EconPapers    
Economics at your fingertips  
 

Threats and Promises

Jonathan Eaton () and Maxim Engers

No 4849, NBER Working Papers from National Bureau of Economic Research, Inc

Abstract: Global environmental concerns have increased the sensitivity of governments and other parties to the actions of those outside their national jurisdiction. Parties have tried to extend influence extraterritorially both by promising to reward desired behavior and by threatening to punish undesired behavior. If information were perfect, the Coase theorem would suggest that either method of seeking influence could provide an efficient outcome. If the parties in question have incomplete information about each other's costs and benefits from different actions, however, either method can be costly, both to those seeking influence and in terms of overall efficiency. We compare various methods of seeking influence. A particular issue is dissembling: taking an action to mislead the other party about the cost or benefit of that action. By creating an incentive to dissemble, attempts to influence another's behavior can have the perverse effect of actually encouraging the action that one is trying to discourage.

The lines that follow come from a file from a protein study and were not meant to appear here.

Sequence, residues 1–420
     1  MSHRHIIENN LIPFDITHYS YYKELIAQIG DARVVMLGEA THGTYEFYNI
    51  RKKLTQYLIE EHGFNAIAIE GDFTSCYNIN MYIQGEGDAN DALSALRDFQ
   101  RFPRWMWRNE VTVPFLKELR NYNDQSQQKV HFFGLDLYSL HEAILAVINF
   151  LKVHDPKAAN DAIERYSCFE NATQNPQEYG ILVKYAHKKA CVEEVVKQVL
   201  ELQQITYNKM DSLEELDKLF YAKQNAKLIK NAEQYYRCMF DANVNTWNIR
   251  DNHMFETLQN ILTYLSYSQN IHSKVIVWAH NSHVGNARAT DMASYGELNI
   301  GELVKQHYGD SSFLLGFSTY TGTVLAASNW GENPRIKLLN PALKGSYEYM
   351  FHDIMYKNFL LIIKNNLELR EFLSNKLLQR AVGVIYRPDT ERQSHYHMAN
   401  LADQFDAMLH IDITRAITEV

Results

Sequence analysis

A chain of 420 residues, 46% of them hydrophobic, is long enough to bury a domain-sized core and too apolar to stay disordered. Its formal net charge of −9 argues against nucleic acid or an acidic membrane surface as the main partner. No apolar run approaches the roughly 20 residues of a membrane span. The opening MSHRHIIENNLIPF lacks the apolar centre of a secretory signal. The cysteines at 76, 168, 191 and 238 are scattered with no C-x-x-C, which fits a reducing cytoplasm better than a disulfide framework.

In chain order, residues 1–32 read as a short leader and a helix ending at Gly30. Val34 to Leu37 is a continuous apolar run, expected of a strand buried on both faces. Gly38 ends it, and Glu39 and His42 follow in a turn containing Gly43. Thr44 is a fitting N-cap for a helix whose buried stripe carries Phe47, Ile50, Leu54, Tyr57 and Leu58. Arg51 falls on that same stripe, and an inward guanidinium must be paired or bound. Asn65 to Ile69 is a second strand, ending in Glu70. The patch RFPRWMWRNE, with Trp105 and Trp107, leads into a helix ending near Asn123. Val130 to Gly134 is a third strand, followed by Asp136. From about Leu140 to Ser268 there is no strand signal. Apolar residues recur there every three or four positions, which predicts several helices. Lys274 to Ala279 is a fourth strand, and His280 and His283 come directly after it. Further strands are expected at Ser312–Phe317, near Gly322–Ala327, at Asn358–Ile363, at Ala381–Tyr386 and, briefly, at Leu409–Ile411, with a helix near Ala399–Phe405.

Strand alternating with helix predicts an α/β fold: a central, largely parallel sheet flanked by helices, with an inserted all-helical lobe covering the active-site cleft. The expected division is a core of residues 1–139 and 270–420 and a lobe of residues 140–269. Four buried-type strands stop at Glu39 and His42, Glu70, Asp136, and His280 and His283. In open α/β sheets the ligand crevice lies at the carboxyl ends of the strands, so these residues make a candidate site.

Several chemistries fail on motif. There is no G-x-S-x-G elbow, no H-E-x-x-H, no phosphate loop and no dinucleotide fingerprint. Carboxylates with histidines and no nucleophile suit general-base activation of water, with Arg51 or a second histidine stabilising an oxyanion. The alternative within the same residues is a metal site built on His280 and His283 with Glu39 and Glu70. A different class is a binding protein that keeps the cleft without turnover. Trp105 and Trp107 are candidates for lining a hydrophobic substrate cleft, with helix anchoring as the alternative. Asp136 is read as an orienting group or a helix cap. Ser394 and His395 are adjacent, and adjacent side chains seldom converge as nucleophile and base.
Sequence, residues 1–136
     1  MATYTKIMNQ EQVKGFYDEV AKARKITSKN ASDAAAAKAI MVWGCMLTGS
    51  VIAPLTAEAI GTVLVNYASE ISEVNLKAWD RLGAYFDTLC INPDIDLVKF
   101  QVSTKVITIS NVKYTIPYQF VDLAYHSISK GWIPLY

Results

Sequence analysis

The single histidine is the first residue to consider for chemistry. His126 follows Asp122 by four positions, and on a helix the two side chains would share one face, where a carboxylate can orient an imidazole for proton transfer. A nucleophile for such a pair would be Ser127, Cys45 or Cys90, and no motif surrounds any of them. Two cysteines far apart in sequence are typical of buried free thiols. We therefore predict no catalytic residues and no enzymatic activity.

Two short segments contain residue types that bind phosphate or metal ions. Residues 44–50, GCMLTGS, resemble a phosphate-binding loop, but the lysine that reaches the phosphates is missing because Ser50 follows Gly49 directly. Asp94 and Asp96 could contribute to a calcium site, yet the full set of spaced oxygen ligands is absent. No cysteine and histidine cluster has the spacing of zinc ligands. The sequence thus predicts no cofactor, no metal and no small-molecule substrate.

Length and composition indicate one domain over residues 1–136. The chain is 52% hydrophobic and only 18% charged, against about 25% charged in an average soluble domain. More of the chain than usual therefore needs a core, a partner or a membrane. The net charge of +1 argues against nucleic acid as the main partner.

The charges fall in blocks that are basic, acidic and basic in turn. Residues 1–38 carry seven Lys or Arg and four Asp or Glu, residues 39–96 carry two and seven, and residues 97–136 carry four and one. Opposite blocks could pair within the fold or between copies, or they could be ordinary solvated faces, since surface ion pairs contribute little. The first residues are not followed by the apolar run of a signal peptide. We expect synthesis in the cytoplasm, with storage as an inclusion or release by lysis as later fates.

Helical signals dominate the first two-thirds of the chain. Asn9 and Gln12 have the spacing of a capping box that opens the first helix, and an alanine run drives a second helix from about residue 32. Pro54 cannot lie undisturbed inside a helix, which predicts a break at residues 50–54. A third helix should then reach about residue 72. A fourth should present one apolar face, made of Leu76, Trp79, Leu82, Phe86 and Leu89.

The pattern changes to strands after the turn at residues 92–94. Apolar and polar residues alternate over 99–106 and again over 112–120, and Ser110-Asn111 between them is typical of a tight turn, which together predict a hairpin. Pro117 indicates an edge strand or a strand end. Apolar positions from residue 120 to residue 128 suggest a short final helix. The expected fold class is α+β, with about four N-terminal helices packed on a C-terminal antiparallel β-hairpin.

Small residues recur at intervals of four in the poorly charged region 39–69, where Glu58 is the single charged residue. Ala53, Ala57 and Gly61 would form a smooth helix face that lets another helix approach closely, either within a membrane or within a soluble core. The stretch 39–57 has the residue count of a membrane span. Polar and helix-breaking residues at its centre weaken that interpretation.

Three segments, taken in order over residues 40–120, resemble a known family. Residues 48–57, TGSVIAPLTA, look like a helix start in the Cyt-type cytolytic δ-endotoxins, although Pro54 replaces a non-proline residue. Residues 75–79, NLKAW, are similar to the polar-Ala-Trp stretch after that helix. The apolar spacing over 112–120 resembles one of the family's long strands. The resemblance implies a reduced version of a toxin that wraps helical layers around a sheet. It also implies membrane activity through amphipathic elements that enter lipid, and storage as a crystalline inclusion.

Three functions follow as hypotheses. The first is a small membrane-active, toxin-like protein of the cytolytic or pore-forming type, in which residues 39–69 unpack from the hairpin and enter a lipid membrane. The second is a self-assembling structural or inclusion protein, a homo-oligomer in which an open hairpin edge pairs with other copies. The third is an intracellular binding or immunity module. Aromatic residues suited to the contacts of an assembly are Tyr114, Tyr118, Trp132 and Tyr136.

JEL-codes: F02 (search for similar items in EconPapers)
Date: 1994-09
Note: ITI
References: View references in EconPapers View complete reference list from CitEc
Citations: View citations in EconPapers (1) Track citations by RSS feed

Downloads: (external link)
http://www.nber.org/papers/w4849.pdf (application/pdf)

Related works:
Working Paper: Threats and Promises (1994)
This item may be available elsewhere in EconPapers: Search for items with the same title.

Export reference: BibTeX RIS (EndNote, ProCite, RefMan) HTML/Text

Persistent link: https://EconPapers.repec.org/RePEc:nbr:nberwo:4849

Ordering information: This working paper can be ordered from
http://www.nber.org/papers/w4849

Access Statistics for this paper

More papers in NBER Working Papers from National Bureau of Economic Research, Inc National Bureau of Economic Research, 1050 Massachusetts Avenue Cambridge, MA 02138, U.S.A.. Contact information at EDIRC.
Bibliographic data for series maintained by ().

 
Page updated 2020-03-29
Handle: RePEc:nbr:nberwo:4849